Alice Kettle: Telling Stories With Their Eyes

Winchester Discovery Centre

Textiles tell us stories, stories that are printed, woven, sewn and knit into their surfaces and structures. Textiles also allow us to tell our own stories, stories we carry with us and search for in the surfaces and structures that surround us. This capacity of the textile to narrate and be narrated is central to the vitality of contemporary textile practice. Looking Forwards to the Past, Alice Kettle’s significant public artwork for Winchester’s Discovery Centre is, among other things, a complex textile narrative. It invites reading on many levels, providing a vision of the city’s past, present and future. It also allows us, as viewers, to discover our own stories.

Of the textile arts, Kettle’s chosen medium of embroidery arguably represents the clearest historical connection to textile narration. Traditional embroidery samplers literally contain letters and words that can be understood as both textile and text. Looking Forwards to the Past provides a far more complex narrative. Colour, texture and image replace words to present the viewer with possibilities rather than conclusions. The sheer scale of the work (16.5 metres long by 3 metres tall), and its anticipated lifespan, require multiple approaches to its reading/viewing. “I am aware that this is a piece that has to have a life into the future,” Kettle explains. “It has got to outlive me and my children, so it can’t be rooted stylistically anywhere in particular. I wanted it to have a contemporary feel, but something that would also have a sense of moving forward. That is why I let colour lead me because colour is something that transcends time.”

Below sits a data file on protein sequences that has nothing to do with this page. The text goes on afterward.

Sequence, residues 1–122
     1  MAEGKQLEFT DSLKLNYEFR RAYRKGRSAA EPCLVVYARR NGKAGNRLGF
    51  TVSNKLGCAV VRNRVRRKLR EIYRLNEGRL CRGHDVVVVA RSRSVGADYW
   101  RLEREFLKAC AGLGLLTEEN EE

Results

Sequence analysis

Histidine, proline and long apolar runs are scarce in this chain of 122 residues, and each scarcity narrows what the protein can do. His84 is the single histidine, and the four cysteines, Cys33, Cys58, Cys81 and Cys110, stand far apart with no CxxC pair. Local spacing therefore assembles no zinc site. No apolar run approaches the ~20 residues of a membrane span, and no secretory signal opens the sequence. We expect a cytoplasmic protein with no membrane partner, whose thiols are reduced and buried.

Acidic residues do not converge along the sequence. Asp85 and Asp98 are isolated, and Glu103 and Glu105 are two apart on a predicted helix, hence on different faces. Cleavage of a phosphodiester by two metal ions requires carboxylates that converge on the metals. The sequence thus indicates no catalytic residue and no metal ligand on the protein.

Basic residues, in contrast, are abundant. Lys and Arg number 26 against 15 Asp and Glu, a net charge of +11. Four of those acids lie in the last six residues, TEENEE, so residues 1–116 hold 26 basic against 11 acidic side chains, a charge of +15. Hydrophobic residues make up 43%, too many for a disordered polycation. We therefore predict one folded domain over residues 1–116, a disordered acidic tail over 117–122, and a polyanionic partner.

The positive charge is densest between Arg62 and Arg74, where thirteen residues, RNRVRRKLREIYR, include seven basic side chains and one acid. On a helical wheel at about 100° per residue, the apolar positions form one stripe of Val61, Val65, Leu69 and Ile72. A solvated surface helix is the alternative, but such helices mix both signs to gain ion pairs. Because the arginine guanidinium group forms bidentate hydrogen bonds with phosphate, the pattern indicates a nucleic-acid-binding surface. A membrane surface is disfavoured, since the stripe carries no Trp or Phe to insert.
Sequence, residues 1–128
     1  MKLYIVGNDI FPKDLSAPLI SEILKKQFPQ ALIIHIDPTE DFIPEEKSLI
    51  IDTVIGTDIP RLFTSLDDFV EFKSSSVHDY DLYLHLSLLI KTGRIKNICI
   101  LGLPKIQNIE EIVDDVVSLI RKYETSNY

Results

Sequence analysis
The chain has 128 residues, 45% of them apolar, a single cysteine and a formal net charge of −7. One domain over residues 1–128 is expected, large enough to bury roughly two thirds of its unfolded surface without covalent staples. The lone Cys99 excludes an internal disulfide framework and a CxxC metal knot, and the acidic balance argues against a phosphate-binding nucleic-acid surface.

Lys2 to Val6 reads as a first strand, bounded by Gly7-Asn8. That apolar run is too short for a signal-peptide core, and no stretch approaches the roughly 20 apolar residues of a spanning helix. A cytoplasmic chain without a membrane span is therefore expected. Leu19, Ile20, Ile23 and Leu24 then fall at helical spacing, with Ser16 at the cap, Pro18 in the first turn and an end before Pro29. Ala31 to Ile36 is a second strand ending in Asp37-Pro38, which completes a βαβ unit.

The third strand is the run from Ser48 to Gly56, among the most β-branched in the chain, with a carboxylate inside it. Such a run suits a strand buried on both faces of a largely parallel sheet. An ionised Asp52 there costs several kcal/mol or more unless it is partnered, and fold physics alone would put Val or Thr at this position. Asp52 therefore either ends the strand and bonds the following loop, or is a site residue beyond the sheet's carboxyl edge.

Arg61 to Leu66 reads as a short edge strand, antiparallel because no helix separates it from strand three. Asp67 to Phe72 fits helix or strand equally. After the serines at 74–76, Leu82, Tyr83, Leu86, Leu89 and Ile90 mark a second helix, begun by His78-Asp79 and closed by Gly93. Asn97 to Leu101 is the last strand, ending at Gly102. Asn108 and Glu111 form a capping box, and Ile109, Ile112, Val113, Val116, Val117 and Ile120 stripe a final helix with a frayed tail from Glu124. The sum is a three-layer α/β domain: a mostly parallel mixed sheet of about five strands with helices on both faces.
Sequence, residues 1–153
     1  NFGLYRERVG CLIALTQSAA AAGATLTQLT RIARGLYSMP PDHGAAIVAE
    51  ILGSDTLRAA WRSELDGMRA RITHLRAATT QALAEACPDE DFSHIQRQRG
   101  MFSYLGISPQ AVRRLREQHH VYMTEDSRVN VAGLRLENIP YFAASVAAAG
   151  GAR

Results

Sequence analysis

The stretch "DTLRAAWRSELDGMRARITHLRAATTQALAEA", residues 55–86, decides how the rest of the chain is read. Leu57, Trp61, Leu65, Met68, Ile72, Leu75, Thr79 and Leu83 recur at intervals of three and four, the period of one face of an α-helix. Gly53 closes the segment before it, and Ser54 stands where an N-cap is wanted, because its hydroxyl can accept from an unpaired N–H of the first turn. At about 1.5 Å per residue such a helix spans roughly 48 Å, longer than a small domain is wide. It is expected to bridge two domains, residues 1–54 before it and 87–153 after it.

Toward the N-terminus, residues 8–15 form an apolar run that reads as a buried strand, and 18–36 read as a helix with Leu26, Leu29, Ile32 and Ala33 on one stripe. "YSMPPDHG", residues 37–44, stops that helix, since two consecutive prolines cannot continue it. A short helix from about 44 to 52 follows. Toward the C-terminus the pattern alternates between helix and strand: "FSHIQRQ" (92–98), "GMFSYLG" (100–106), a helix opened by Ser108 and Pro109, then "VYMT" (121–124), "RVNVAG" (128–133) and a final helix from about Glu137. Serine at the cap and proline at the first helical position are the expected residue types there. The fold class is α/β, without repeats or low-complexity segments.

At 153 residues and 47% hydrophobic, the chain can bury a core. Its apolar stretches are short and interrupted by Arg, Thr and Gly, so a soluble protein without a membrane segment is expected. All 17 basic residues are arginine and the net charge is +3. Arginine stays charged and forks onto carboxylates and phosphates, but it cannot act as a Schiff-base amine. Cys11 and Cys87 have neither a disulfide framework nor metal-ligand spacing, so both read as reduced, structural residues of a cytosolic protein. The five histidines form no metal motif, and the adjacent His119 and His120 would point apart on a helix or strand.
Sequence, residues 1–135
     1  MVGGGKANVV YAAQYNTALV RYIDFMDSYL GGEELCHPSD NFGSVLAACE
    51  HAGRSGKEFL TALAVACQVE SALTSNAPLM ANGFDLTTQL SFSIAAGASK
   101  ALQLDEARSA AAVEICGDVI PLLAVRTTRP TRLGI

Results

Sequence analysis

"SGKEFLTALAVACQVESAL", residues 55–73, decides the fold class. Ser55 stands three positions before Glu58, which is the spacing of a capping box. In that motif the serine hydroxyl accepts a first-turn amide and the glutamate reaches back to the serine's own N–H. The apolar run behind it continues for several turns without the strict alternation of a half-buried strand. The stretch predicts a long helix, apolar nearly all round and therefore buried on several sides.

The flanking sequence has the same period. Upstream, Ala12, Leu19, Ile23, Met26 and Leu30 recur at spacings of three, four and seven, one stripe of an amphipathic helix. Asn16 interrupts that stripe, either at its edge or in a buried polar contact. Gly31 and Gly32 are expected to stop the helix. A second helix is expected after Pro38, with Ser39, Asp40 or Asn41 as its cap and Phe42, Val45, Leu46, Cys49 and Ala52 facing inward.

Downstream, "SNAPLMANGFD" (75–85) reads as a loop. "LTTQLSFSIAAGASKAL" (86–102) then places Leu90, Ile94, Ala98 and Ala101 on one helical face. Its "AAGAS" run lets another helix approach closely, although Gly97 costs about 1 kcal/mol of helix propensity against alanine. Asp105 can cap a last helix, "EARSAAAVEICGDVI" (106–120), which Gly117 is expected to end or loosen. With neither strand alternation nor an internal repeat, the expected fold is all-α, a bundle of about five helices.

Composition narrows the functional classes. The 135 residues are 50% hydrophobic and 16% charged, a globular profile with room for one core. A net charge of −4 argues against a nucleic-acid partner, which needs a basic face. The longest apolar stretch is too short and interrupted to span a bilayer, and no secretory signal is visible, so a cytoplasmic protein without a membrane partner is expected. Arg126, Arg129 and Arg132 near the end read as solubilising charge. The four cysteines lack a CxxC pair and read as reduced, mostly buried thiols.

To continue the textual analogy, Kettle’s chapters and paragraphs are balanced against the overall impact, shifting between detail and specificity on the one hand and impression and effect on the other. The history and contemporary life of Winchester, the place where Kettle was born, raised and has chosen to raise her own children, is represented. But also available is a chart of open-ended references that invite the viewer to make their own reading and find their own stories within. “Sweeps of colour cover the whole piece and create a dynamic surface,” Kettle explains of the embroidery’s unifying theme. The vivid palette is inspired by the Winchester Bible’s illuminated manuscript, which dates to the 12th century. Set in gold leaf on raised plaster, Kettle notes that the illuminated letters “have a real affinity with the way I work which is about surface quality and light. The balanced illuminated letters with little incidents contained within provided useful examples of extremes of scale and detail.”